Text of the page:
A member of the Planning Department staff will visit the site of the alleged unauthorised development to assess whether there is a breach of planning control. There are a number of courses of action available:

  • Invite the person carrying out the unauthorised work to regularise the development.
  • Issue a Planning Contravention Notice. This will not necessarily stop the breach, but gives us more information to help us decide what to do.
  • Serve an Enforcement Notice. This is where the person is unwilling to remedy a breach of planning control and where we consider, having regard to the development plan and other material considerations, that planning permission wouldn't have been granted.
  • Issue a Stop Notice. This can be used only in particularly urgent or serious cases, where the unauthorised activity has implications for public safety or related issues and therefore has to stop immediately.
  • Issue a Breach of Condition Notice.
  • Injunctions.

How to report an alleged breach of planning control

It is the applicant's responsibility to adhere to the plans as approved and comply with the conditions imposed. We monitor new development as much as we can, but given the limited resources available to us, we cannot monitor every development that takes place. If, therefore, you suspect that a breach of planning control is taking place, please:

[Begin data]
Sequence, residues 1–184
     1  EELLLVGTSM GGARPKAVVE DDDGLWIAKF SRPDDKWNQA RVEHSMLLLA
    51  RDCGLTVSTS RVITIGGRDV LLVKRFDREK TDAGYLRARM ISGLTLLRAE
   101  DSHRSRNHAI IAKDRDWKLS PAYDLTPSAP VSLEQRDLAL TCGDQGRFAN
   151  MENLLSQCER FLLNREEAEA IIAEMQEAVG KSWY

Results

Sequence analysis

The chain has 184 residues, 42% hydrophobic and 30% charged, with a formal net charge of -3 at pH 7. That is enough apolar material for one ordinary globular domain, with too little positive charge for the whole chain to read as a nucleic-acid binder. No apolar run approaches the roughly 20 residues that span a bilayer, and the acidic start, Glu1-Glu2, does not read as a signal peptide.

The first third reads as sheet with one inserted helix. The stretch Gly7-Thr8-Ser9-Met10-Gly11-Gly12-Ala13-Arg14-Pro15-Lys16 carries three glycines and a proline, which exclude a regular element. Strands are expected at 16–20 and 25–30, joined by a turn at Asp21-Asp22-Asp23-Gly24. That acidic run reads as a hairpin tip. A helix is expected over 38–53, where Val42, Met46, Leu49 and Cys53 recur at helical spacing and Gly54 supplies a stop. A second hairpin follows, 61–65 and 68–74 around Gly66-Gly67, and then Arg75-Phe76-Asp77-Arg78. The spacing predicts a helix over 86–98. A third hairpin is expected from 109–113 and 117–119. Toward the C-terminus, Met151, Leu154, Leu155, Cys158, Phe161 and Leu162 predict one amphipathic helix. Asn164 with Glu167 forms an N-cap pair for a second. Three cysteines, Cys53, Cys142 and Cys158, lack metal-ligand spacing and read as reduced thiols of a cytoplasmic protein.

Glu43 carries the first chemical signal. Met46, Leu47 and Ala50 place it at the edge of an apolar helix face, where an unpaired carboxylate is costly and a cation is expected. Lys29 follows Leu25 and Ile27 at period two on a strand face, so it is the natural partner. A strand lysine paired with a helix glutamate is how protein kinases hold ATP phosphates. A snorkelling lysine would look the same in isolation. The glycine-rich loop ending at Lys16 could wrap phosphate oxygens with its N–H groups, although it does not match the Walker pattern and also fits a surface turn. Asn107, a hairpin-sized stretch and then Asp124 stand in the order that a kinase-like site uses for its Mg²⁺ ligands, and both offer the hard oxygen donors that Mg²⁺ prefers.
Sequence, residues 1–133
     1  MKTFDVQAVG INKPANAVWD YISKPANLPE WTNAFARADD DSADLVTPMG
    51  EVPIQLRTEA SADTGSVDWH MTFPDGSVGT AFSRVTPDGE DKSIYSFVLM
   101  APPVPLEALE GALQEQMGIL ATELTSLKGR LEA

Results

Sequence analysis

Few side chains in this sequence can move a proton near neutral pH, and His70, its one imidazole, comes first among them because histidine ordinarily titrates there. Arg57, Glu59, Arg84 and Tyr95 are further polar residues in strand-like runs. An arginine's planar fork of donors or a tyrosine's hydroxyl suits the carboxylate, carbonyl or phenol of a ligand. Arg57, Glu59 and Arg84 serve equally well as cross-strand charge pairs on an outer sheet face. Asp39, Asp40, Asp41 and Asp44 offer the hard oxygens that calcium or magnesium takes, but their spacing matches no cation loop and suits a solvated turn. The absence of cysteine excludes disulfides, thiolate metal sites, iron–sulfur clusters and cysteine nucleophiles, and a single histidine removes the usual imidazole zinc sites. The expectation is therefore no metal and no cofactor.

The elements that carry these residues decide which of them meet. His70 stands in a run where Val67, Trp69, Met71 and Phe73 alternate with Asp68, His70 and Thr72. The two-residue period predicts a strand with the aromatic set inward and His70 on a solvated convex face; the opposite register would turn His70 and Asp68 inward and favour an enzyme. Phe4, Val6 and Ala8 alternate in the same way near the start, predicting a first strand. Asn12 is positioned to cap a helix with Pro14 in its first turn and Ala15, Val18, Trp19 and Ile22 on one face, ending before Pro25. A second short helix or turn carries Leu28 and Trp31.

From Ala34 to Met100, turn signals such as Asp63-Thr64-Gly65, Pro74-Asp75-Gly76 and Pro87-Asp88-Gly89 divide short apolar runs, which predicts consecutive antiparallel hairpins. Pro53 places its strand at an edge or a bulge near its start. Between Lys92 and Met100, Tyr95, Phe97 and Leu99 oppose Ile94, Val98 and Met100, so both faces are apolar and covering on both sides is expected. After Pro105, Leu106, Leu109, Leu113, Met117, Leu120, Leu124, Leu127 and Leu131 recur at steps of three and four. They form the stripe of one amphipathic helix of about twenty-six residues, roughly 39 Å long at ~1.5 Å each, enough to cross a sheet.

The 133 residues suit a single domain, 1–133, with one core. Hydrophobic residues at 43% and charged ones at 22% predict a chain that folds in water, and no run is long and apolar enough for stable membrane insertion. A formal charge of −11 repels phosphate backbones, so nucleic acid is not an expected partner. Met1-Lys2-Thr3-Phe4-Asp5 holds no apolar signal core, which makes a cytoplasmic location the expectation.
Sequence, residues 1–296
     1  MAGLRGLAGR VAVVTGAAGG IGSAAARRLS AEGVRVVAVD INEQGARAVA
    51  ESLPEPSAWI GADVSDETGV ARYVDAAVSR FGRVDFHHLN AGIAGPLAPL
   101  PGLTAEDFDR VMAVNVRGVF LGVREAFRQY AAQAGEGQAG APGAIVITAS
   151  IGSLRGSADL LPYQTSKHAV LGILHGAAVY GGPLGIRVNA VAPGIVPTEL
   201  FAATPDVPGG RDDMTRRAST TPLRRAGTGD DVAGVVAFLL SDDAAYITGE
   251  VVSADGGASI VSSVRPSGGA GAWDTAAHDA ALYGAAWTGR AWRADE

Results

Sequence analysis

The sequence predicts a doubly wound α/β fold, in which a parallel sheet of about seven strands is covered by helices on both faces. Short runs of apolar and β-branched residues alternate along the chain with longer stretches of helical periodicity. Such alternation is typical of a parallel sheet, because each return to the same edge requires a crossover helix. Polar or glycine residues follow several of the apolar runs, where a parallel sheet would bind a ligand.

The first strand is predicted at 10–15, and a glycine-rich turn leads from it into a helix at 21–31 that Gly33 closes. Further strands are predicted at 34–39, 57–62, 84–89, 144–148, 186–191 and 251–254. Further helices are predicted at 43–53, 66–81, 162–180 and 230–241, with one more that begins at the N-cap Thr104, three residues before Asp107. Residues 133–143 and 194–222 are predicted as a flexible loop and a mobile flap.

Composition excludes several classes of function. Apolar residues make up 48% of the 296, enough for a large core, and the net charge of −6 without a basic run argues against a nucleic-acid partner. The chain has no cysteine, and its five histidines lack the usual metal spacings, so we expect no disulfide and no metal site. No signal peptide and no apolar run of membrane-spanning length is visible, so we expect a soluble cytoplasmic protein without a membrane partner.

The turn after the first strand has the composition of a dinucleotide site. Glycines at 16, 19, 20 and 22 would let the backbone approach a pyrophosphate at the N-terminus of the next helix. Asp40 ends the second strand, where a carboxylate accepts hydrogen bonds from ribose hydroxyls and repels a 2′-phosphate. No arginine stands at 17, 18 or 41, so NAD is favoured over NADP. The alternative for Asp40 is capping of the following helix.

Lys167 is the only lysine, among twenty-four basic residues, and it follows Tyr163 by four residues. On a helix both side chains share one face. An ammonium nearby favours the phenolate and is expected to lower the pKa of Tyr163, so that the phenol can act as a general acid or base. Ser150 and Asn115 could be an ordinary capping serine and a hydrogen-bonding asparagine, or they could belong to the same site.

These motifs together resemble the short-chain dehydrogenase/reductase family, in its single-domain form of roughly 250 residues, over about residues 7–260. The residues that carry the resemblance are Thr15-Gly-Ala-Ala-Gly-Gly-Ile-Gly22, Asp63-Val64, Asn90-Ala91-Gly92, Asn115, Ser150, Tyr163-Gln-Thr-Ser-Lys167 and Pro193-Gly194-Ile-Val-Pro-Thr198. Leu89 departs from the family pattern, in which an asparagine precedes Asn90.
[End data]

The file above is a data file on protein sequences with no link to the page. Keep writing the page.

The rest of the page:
Report an alleged breach of planning control online.

Contact the Duty Planning Officer on the details below or email or write to Planning Enforcement using the address below.

Please be assured that all complaints are handled in the strictest confidence.

The enforcement process

Registration and processing

  • Within 2 working days of receiving a complaint, we will register the report and acknowledge its receipt in writing (unless received anonymously or by telephone).
  • Thereafter, you will be updated accordingly, as and when any significant progress and/or any intended action occurs.
  • If a breach of planning control appears to have occurred, and we intend to pursue the matter further, we will normally seek to remedy the breach 'informally' in the first instance. If this cannot be achieved, we will decide whether or not to pursue the matter further with formal enforcement action. If we decide that formal enforcement action is not expedient, reasons will be given for having reached that decision.
  • In situations where formal action is deemed expedient by officers, authorisation for formal action will be sought at the next meeting of the Planning Applications Committee. Formal action could include the service of an Enforcement Notice, Breach of Condition Notice, Stop Notice and Temporary Stop Notice, and an Injunction. Failure to comply with the requirements of a served notice is an offence and this will result in the consideration of formal legal action through the Courts being taken by us.

See the planning enforcement policy for further information.

Read how to appeal against an enforcement notice if you are served with an enforcement notice.

Last updated: Tuesday, 11 April, 2023.